Holden confident Kilkenny still capable of mixing it with the best

Ballyhale defender believes team developing nicely as the league season progresses

Joey Holden: “I’ve no doubt that we’ll be a match for any team we meet later in the championship.” Photograph: Ryan Byrne/Inpho

Joey Holden: “I’ve no doubt that we’ll be a match for any team we meet later in the championship.” Photograph: Ryan Byrne/Inpho

 

It’s a sign of hurling’s changing times that a return to Croke Park for Joey Holden brings queries about Kilkenny’s difficulties there.

The defender’s troubles in the 2016 All-Ireland final, when Kilkenny’s full-back line was filleted by Séamus Callanan and a rampant Tipperary attack, have been well documented.

The team didn’t get to play there at all then in 2017 and featured just once at Croke Park in 2018, drawing with Galway in the Leinster final before losing the replay in Thurles.

There may be happier times ahead for Holden who will return with Ballyhale Shamrocks to GAA headquarters on Sunday week for the AIB All-Ireland club final but the feeling is that Kilkenny have a distance to travel before they can reign at Croke Park again.

“I wasn’t on my game that day,” acknowledged Holden of the 2016 final, the game that precipitated the decline of a superpower.

Three years on, Kilkenny are apparent outsiders for this year’s All-Ireland, fifth favourites, a position they’ve rarely experienced under Brian Cody’s 20 years in charge.

“It’s not really talked about amongst us,” said Holden, responding to a statement that three seasons without an All-Ireland win since 2015 is the longest they’ve gone under Cody.

“I didn’t even know that until you said it there. I suppose it is a long run in Kilkenny given the tradition there over the last decade or so but we just have to believe in what we’re doing in training.

“If you look at the Kilkenny club championship, at how tight the games are and the attitude from all the club players, it’s fantastic, they go hammer and tongs at each other.

“So if we can bring that into Kilkenny, I’ve no doubt that we’ll be a match for any team we meet later in the championship. Lads are getting valuable game-time now at the moment and they’re going to use that experience and bring it forward and hopefully we can have a good, strong championship this year with Kilkenny.”

Still capable

Kilkenny, minus Holden and the Ballyhale contingent, have shown the best and worst of themselves so far in Division 1A of the National League, beating Cork and Tipperary and falling to Clare and Limerick.

On Sunday, the holders travel to Wexford seeking a win to generate some momentum for the knock-out stages.

Holden feels that, regardless of the outcome, Kilkenny are still capable of beating any county on their day.

“Absolutely, we lost to Limerick by two or three points last summer,” he said. “We went ahead with maybe five minutes to go and they got a couple of great scores and won it. Look at the amount of Limerick games that were draws, there were replays, they were barely getting over the line. I’ve never seen a hurling championship so close with so many teams that could win it, and with so many teams that can provide shocks.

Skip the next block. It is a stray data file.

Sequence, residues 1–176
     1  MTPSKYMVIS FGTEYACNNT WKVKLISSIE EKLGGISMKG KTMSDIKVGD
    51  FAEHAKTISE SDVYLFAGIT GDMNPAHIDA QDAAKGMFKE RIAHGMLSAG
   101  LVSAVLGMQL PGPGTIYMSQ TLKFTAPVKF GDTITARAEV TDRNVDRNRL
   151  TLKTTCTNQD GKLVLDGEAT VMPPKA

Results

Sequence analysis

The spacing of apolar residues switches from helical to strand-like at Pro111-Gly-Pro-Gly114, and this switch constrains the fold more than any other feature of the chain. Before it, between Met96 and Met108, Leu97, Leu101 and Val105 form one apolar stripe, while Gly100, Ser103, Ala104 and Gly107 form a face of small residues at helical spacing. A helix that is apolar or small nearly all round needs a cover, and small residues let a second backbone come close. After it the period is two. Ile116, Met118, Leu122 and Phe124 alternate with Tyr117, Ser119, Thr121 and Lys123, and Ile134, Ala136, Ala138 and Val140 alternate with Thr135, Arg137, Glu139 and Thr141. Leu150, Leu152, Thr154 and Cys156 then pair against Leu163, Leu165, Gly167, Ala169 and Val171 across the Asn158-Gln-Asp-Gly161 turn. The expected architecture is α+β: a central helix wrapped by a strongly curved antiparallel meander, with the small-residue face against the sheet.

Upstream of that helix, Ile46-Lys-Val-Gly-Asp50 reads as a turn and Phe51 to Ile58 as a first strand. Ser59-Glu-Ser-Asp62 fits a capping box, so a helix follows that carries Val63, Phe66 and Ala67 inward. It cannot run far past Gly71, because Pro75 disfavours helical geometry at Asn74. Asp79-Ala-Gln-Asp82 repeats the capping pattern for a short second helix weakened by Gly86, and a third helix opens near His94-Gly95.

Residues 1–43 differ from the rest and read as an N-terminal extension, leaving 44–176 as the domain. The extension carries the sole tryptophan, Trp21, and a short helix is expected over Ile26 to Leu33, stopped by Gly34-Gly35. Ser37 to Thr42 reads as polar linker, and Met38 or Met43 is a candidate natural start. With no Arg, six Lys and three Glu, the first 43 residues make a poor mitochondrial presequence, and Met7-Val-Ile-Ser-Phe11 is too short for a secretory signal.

“If you can get on a roll of confidence and get winning games, that’s what’s key. I think Limerick built that confidence for themselves, they had young lads driving it on, thriving, and they just kept winning. Winning becomes a habit then and if you can get that habit, it’s going to be priceless.”

It remains to be seen if Holden gets to play with Kilkenny in the league, a club versus county dilemma that fellow Ballyhale and Kilkenny player Colin Fennelly has already bemoaned.

“It’s hard to say it’s difficult because if you’re getting this far it means you’re winning with the club, it means you’re on a good run and you’re really enjoying it,” said Holden.

“It is difficult I suppose looking at Kilkenny, seeing the games you’d probably be involved in and that you’re not involved in. It gives you a chance to step back and see how things are going.”

The Irish Times Logo
Commenting on The Irish Times has changed. To comment you must now be an Irish Times subscriber.
SUBSCRIBE
GO BACK
Error Image
The account details entered are not currently associated with an Irish Times subscription. Please subscribe to sign in to comment.
Comment Sign In

Forgot password?
The Irish Times Logo
Thank you
You should receive instructions for resetting your password. When you have reset your password, you can Sign In.
The Irish Times Logo
Please choose a screen name. This name will appear beside any comments you post. Your screen name should follow the standards set out in our community standards.
Screen Name Selection

Hello

Please choose a screen name. This name will appear beside any comments you post. Your screen name should follow the standards set out in our community standards.

The Irish Times Logo
Commenting on The Irish Times has changed. To comment you must now be an Irish Times subscriber.
SUBSCRIBE
Forgot Password
Please enter your email address so we can send you a link to reset your password.

Sign In

Your Comments
We reserve the right to remove any content at any time from this Community, including without limitation if it violates the Community Standards. We ask that you report content that you in good faith believe violates the above rules by clicking the Flag link next to the offending comment or by filling out this form. New comments are only accepted for 3 days from the date of publication.